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A SIMPLE MODEL OF OPTIMAL HATE CRIME LEGISLATION

Authors

  • LI GAN,

    1. Gan: Associate Professor, Department of Economics, Texas A&M University, College Station, TX 77843. Phone 979-862-1667, Fax 979-847-8757, E-mail gan@econmail.tamu.edu
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  • ROBERTON C. WILLIAMS III,

    1. Williams: Associate Professor, Department of Agricultural and Resource Economics, University of Maryland, Symons Hall, College Park, MD 20742. Phone 202-507-9729, Fax 301-314-9091, E-mail robwilliams@mail.utexas.edu
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  • THOMAS WISEMAN

    1. Wiseman: Associate Professor, Department of Economics, University of Texas, 1 University Station C3100, Austin, TX 78712. Phone 512-475-8516, Fax 512-471-3510, E-mail wiseman@eco.utexas.edu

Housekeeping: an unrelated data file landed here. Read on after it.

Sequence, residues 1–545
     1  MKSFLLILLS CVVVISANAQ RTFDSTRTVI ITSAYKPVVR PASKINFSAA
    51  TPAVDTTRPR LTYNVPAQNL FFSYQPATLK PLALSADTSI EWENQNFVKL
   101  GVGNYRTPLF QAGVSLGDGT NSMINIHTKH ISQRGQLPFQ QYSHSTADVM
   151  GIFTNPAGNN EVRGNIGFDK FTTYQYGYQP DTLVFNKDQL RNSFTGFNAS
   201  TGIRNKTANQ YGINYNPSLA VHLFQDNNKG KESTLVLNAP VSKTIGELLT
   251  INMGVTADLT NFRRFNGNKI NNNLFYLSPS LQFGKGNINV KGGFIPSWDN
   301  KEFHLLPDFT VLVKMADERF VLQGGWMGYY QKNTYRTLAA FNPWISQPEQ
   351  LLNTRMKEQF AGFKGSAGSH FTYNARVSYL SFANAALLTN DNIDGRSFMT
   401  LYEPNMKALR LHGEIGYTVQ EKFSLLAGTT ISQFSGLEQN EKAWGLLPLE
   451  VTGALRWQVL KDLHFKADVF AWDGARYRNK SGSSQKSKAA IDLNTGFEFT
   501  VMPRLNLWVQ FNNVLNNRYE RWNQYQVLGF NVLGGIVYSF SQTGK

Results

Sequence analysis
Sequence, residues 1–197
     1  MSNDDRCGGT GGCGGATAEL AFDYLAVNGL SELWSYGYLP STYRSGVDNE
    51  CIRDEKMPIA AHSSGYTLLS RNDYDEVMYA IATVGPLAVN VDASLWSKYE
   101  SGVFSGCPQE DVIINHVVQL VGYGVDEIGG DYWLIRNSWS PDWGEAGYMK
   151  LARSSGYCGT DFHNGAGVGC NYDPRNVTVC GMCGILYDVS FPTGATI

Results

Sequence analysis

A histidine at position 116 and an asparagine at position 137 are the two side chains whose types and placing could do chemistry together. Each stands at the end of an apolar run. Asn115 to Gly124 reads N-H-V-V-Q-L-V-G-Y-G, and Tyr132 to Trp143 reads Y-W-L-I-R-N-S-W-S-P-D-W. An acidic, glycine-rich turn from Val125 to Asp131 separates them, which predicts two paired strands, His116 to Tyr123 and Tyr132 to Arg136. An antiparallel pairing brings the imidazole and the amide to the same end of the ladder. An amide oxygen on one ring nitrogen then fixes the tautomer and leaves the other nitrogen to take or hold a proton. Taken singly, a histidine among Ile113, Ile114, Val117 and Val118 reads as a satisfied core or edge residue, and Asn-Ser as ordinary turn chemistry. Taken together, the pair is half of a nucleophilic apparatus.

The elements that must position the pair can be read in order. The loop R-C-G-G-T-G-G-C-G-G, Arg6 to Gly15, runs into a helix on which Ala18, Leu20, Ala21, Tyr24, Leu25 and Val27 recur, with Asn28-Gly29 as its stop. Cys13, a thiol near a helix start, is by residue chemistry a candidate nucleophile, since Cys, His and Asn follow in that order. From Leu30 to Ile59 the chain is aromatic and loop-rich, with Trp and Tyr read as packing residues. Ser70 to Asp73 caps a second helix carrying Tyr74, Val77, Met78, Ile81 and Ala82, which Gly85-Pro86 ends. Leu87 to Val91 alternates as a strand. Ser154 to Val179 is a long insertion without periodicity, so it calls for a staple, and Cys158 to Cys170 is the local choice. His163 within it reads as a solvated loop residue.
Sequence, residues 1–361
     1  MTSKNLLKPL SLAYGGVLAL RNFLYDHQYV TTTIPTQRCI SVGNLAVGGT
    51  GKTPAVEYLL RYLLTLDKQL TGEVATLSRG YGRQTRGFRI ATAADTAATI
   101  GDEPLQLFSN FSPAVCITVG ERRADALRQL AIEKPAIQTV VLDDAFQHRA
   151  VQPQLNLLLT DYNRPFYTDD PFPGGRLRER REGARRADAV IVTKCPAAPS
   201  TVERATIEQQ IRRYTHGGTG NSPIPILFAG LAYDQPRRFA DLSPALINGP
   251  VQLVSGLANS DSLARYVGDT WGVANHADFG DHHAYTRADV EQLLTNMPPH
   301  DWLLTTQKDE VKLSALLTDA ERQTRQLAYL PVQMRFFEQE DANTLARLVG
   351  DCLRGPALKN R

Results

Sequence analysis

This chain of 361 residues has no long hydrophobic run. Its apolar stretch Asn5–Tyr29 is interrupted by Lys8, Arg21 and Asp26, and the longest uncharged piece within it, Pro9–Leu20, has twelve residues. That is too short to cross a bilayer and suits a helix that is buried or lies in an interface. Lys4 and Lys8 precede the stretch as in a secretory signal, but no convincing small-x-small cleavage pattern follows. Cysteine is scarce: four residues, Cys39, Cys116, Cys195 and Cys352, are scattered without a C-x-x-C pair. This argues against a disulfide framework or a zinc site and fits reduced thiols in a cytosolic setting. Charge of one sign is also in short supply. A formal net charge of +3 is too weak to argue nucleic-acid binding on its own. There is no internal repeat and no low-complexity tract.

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    • The authors thank Valerie Bencivenga, Jeff Ely, Don Fullerton, Dan Hamermesh, Preston McAfee, Gerald Oettinger , Steve Trejo, Abraham Wickelgren, seminar participants at the University of Texas, and Tim Brennan and two anonymous referees for their helpful suggestions.


Abstract

We present a simple model of the effects of hate crime legislation. We show that even if the direct harm to victims of hate crime is the same as for other crimes, because of other differences in the effects it may still be optimal to exert a different level of law-enforcement effort to deter or prevent hate crime. These differences also have previously unrecognized effects on the optimal level of effort by potential hate crime victims to avoid being victimized, thus affecting the efficiency of government policies that encourage or discourage such effort. In some cases, the optimal level of government effort may be lower for hate crimes than for other crimes. Our analysis suggests a role for policy tools that influence individual avoidance effort directly. We discuss the implications of our results for similar types of crime, including terrorism. (JEL K42, K14, D02)

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